If it didn't work for Reagan, says his former budget director, it would be foolish to assume Romney and Ryan can do better. "The Republican record on spending control is so abysmally bad," Stockman says, "that at this point they don't have a leg to stand on." Indeed, the last GOP administration turned $5 trillion in projected surplus into $5 trillion of new debt.
No one doubts Ryan's determination to slash the social safety net: Of the $5.3 trillion in cuts he has proposed, nearly two-thirds come from programs for the poor. But when it comes time to eviscerate the rest of the federal budget, Stockman says – funding for things like drug enforcement and public schools – Congress will "never cut those programs that deeply." In short, the rich will get their tax cuts. The poor will be left destitute. But America will be driven even deeper into debt.
That, at heart, is the twisted beauty of the plan being championed by Ryan and Romney: The higher Republicans manage to drive up the debt, the more ammunition they have in their fight to slash federal spending for the needy. And the more time they waste trumpeting their "fiscal discipline," the more the nation's infrastructure will continue to crumble around them. Squandering two full workweeks of the congressional calendar on votes to repeal Obamacare has cost taxpayers $48 million. That's nearly the same amount of money now needed to repair cracks in the Capitol itself – spending the House GOP has refused to authorize, out of anti-governmental spite.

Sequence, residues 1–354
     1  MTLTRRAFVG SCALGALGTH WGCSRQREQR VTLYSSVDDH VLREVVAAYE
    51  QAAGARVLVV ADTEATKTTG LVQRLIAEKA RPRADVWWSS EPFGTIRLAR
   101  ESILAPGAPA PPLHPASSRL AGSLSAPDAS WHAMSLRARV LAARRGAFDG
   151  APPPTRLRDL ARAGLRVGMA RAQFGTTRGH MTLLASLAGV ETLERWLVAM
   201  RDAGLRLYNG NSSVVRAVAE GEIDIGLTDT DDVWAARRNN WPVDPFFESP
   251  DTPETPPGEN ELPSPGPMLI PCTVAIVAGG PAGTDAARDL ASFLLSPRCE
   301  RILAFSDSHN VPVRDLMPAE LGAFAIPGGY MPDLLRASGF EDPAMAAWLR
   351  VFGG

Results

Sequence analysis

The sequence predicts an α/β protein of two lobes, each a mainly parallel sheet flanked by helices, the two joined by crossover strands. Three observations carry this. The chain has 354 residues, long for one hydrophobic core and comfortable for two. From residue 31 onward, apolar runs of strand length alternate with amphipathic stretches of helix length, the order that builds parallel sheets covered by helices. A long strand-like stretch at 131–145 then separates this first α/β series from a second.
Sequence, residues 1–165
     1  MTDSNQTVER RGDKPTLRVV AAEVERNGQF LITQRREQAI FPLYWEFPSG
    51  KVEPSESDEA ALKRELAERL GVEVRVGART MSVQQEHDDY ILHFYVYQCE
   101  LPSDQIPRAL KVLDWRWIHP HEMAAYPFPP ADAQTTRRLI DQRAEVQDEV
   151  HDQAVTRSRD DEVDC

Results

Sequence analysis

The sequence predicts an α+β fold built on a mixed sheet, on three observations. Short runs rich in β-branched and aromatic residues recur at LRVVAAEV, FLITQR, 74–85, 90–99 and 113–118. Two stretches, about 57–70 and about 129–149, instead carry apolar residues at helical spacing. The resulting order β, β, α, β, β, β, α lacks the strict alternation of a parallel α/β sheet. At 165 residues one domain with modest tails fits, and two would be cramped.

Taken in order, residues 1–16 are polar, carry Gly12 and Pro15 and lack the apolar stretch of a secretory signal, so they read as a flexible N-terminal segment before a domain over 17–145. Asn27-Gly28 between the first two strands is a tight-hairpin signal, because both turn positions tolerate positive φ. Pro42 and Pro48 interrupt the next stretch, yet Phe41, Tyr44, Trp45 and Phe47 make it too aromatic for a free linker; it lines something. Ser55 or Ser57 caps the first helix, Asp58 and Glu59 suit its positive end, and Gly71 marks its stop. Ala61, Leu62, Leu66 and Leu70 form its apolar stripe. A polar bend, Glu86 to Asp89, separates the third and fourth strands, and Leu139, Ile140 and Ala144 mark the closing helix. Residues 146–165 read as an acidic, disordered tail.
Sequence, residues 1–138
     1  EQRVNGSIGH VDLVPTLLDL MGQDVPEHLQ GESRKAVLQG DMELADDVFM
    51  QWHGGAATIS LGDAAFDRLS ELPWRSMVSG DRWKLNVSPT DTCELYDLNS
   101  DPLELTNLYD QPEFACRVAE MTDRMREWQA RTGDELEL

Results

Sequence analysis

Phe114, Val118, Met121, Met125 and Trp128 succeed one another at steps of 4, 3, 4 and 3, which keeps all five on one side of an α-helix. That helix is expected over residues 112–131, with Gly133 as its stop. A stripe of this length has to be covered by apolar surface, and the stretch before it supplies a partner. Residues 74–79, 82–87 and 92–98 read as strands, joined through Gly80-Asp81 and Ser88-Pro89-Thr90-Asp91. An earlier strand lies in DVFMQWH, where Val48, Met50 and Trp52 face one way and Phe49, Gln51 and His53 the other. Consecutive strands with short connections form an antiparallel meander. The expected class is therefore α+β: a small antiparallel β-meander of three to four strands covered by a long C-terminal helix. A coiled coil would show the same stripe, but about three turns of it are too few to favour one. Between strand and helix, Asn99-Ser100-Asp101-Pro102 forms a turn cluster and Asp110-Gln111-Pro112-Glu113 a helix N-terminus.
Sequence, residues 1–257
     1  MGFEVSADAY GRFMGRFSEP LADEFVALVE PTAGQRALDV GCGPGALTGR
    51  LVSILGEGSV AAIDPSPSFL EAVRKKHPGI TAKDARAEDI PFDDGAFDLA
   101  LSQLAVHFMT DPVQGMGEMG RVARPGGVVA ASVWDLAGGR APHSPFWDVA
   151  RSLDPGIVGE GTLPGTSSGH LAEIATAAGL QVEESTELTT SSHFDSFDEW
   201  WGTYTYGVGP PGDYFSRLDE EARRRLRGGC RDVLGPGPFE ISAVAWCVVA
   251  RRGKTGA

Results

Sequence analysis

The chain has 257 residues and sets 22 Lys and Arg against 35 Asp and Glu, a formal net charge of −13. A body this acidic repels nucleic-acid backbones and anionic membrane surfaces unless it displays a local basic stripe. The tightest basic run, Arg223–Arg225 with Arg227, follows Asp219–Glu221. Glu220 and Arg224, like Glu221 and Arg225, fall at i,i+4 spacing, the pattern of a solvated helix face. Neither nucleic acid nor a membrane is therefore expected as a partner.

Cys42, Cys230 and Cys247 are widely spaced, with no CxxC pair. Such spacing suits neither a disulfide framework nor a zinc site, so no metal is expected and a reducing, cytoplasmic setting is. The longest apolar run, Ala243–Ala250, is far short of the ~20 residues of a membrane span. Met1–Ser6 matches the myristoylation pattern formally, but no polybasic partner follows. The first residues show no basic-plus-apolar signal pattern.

As I say, that's an important point. Mitt Romney says that he'll slash spending (and eliminate tax loopholes, too). But he refuses to say what he'll cut, because a lot of the spending - and most tax loopholes - are politically popular.
Well, they'll be just as popular after the election. And time after time, we've seen these vague promises from Republicans that don't pan out. Indeed, it has been to their political advantage to increase the deficit - as they've done since Reagan - because that makes their message about cutting spending even more popular. If they actually did it, though, that would be unpopular.
And when you consider that Grover Norquist supporters have been trying to bankrupt America, in order to force smaller government on us, what makes you think that the Republicans will do anything they promise, especially if it's not politically popular?
Oh, they'll very definitely cut taxes on the rich, just as they did during the Bush administration. That's the one thing you can count on. But they won't cut spending where it's popular among their supporters (and most of it is popular, when you look at where America actually spends your tax dollars). And they're not likely to eliminate popular tax deductions - i.e. pretty much all of them - either.
After all, if they were willing to do that, they'd admit it now. They're not willing to be specific, because that would be unpopular. But it will always be unpopular. And there will always be another election coming up.